Once upon a time, safari camps didn’t really cater so much to kids and some still exclude them. More and more, however, camps are not only welcoming children but also there are increased activities for them. I can’t imagine a better family vacation. I am still partial to Flatdogs I confess, but there are camps where you, and your family, will have an amazing experience in virtually every locale at this point.

So grab the kids, and paper and pencils, and head to Africa. I promise you that you will never regret it. I am happy to directly answer any questions about traveling there with kids, just email me at james@travelonthegood.com

 

Happy Africa Foundation. Happy #africafactfriday

This week, we were happy to announce our partnership with an amazing group, The Happy Africa Foundation. HAF does really critical important work all across Africa and, in their honor, we’re highlighting some of the amazing things that they do (we’re more than impressed and are sure you will be as well.) We’re also tossing in a few more facts about the countries and places where Happy Africa operates. So let the fun facts, and the fun retweets begin!

Here are a few fun things about Happy Africa Foundation and where they operate that we’ll be tweeting out today.

In Livingstone, Zambia, Happy Africa Foundation is working to renovate and improve the Zambezi Sawmills School. In Zambia, there are a lot of schools that need a lot of help so good thing Happy Africa Foundation is stepping up. (By the way, you can donate directly to Happy Africa Foundation here if you so desire.)

If you visit that part of Zambia though, bring your umbrella because the rainforest at the base of Victoria Falls is the only place on earth that receives rain 24 hours a day, 7 days a week.

Further north and east, in Zanzibar, Happy Africa Foundation is helping with Nursery and Nutrition programs for children.

And, right there in Tanzania, Happy Africa Foundation is working with the Jambiani Educational English Center to facilitate English lessons and community services.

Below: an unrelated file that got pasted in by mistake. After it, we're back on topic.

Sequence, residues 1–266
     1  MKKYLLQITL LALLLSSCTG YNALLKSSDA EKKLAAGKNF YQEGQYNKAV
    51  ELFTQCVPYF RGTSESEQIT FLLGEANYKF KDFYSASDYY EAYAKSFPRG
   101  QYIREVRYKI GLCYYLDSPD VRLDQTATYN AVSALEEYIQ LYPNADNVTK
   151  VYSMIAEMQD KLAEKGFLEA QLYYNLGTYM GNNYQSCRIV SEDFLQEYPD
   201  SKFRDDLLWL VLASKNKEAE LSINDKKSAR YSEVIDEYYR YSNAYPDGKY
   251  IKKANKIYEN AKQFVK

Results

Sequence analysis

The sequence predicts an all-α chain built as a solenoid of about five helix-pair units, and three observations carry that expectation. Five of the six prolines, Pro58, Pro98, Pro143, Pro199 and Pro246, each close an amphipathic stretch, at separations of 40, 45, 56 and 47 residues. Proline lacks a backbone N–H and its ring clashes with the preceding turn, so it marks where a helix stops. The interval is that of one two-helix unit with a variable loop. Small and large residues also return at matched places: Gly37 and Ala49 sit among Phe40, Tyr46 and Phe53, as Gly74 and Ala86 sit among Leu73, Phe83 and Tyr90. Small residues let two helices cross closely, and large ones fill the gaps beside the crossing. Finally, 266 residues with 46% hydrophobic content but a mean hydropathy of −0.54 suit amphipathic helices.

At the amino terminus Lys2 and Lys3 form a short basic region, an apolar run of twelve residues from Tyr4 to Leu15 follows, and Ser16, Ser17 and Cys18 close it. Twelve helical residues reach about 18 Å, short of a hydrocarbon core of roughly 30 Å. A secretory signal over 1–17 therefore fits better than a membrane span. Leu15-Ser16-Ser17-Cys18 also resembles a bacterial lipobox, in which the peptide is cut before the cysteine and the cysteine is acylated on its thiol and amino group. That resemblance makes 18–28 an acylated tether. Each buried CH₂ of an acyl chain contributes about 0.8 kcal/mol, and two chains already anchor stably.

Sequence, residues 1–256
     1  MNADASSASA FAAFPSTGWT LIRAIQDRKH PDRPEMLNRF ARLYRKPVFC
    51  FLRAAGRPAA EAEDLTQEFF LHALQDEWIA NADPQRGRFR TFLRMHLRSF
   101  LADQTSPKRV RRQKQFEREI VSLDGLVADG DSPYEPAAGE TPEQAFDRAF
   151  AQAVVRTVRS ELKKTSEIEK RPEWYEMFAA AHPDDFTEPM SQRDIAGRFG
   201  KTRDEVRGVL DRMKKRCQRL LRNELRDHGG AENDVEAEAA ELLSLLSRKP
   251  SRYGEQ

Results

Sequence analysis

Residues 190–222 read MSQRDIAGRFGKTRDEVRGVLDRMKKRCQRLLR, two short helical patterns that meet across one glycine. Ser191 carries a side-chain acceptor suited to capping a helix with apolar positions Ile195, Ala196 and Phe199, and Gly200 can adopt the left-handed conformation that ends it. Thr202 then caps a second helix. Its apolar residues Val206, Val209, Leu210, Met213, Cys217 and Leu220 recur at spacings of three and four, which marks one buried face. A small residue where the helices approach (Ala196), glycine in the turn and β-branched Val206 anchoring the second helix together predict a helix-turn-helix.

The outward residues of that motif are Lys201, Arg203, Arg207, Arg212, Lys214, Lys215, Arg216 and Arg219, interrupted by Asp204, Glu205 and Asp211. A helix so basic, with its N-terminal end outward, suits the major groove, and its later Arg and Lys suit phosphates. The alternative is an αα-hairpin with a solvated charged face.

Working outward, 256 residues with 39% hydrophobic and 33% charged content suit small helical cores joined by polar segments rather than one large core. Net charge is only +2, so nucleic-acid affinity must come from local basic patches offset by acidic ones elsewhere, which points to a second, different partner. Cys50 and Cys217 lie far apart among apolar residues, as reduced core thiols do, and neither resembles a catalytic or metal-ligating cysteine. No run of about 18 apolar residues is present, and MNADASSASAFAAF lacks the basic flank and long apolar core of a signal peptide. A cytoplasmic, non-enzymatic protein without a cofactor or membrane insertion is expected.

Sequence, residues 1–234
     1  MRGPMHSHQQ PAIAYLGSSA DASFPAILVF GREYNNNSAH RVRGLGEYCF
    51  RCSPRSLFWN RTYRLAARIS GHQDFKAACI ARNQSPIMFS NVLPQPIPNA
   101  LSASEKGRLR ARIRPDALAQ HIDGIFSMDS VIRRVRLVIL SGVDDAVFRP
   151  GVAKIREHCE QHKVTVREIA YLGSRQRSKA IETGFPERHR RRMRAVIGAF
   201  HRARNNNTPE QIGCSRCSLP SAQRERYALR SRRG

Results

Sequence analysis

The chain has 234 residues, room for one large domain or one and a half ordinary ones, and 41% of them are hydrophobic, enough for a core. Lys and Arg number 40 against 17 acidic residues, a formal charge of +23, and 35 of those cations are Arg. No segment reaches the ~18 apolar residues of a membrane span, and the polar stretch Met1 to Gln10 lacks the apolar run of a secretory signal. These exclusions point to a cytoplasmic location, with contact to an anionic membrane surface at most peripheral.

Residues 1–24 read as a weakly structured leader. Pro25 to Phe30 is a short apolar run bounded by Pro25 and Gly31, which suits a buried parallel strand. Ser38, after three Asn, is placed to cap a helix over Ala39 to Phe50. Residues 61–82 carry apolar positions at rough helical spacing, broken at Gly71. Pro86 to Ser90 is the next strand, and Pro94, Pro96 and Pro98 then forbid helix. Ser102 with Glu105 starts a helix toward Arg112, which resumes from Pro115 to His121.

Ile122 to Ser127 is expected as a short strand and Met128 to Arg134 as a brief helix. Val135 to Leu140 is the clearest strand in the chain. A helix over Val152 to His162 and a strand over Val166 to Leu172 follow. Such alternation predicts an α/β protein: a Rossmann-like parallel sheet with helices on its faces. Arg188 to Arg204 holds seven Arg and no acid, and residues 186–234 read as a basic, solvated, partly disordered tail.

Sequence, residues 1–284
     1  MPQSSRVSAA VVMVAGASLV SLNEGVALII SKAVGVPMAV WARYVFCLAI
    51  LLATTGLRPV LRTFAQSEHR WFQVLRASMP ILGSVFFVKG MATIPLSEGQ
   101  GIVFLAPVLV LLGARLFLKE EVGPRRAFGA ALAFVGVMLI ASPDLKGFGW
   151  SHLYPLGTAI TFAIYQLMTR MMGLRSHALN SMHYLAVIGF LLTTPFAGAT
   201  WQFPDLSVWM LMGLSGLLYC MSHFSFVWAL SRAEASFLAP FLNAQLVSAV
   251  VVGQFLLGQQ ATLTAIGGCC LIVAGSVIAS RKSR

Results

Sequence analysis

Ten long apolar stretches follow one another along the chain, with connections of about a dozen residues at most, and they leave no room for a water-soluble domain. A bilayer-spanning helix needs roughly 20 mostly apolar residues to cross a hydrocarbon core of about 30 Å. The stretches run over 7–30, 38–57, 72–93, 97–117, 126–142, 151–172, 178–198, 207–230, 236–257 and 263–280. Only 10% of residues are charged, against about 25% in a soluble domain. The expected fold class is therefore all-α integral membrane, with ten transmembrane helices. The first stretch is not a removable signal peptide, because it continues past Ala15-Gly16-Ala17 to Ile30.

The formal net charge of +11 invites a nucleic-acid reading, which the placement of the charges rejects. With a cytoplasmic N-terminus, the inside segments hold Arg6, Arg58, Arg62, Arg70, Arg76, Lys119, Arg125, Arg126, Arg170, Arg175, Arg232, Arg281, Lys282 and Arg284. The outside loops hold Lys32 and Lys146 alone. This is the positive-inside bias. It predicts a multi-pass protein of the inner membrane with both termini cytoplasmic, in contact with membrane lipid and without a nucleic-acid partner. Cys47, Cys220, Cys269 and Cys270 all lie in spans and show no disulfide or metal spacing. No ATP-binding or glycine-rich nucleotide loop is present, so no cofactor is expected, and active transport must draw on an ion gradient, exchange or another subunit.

Tanzania is also home to the tallest free-standing mountain in the world, Mount Kilimanjaro. Almost every kind of ecological system is found on the mountain: cultivated land, rain forest, heath, moorland, alpine desert and an arctic summit.

In the Western Cape, South Africa, Happy Africa Foundation works Sporting Chance Street Cricket. This program brings everyone together to learn this remarkable game.

Based in South Africa, and with a lot of interesting people working there, maybe Happy Africa Foundation helps give SA the third highest biodiversity in the world?Screen Shot 2014-08-07 at 9.46.29 AM

The Happy Africa Foundation planted 14 food gardens in KwaZulu-Natal in one year.

Speaking of plantings, Table Mountain in Cape Town has over 1,500 species of plants. That’s more than the entire United Kingdom.

Screen Shot 2014-08-07 at 9.44.57 AM

Now reading about all these places is one thing but if you are interested in going to Victoria Falls and seeing the Moonbows that happen during full moons, or if you want to visit the amazing back alleys of Stone Town in Zanzibar, travel with Travel On The Good and a portion of your trip will benefit Happy Africa Foundation.

Happy Africa Fact Friday everyone. Check out our current deals and please, email Avery at avery@travelonthegood.com with questions.

 

 

Happy To Be With The Happy Africa Foundation